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JEDDAH: The US on Thursday announced that it is pulling out of UNESCO because of what Washington sees as its anti-Israel bias and a need for “fundamental reform” of the UN cultural agency.
While the Trump administration had been preparing for a likely withdrawal for months, the announcement by the State Department on Thursday rocked UNESCO’s Paris headquarters, where a heated election to choose a new director is underway.
Israeli Prime Minister Benjamin Netanyahu, following the US decision, said Thursday that Israel will also withdraw from the agency, saying it had become a “theater of the absurd because instead of preserving history, it distorts it.”
He said he has ordered Israeli diplomats to prepare Israel’s withdrawal from the organization in concert with the Americans.
The outgoing UNESCO chief expressed her “profound regret” at the decision and tried to defend the reputation of the UN Educational, Scientific and Cultural Organization, best known for its World
Heritage program to protect cultural sites and traditions.
“After receiving official notification by the United States Secretary of State, Mr. Rex Tillerson, as UNESCO director general, I wish to express profound regret at the decision of the United States of America to withdraw from UNESCO,” Irina Bokova, director general of UNESCO, said in a statement sent to Arab News.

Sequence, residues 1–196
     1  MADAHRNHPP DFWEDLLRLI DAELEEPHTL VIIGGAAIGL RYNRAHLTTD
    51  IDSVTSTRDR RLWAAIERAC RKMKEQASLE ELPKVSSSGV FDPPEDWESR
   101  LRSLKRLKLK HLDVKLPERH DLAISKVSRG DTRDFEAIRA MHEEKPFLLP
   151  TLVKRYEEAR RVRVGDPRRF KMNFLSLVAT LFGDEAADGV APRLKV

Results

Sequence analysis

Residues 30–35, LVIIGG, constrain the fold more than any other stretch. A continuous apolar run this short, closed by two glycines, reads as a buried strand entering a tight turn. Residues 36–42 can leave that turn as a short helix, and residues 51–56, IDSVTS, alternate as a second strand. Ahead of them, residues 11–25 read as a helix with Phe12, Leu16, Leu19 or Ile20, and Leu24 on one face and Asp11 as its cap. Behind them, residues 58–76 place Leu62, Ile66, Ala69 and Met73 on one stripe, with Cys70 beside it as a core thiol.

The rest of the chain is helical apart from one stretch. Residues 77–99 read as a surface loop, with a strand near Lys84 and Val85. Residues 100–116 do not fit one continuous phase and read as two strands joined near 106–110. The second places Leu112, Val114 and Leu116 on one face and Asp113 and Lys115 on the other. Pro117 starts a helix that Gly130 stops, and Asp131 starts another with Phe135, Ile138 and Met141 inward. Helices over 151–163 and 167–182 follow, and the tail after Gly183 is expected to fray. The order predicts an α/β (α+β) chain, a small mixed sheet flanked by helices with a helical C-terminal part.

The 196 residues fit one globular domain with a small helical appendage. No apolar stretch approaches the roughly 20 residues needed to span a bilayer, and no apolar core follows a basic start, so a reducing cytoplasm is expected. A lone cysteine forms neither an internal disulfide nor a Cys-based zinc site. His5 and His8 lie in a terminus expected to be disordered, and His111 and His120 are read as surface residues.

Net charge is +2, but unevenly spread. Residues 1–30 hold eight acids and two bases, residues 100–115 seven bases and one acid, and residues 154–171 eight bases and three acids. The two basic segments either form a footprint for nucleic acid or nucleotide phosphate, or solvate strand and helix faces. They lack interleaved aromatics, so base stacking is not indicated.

“Universality is critical to UNESCO’s mission to strengthen international peace and security in the face of hatred and violence, to defend human rights and dignity,” Bokova added.
The US stopped funding UNESCO after it voted to include Palestine as a member in 2011, but the State Department has maintained a UNESCO office and sought to weigh on policy behind the scenes. The US now owes about $550 million in back payments.
In a statement, the US State Department said the decision will take effect Dec. 31, 2018, and that the US will seek a “permanent observer” status instead. It cited US belief in “the need for fundamental reform in the organization.”
Several diplomats who were to have been posted to the mission this summer were told that their positions were on hold and advised to seek other jobs. In addition, the Trump administration’s proposed budget for the next fiscal year contains no provision for the possibility that UNESCO funding restrictions might be lifted.
Bokova said in 2011, when payment of membership contributions was suspended at the 36th session of the UNESCO General Conference, “I said I was convinced UNESCO had never mattered so much for the United States, or the United States for UNESCO.”
She said: “At the time when conflicts continue to tear apart societies across the world, it is deeply regrettable for the United States to withdraw from the United Nations agency promoting education for peace and protecting culture under attack.”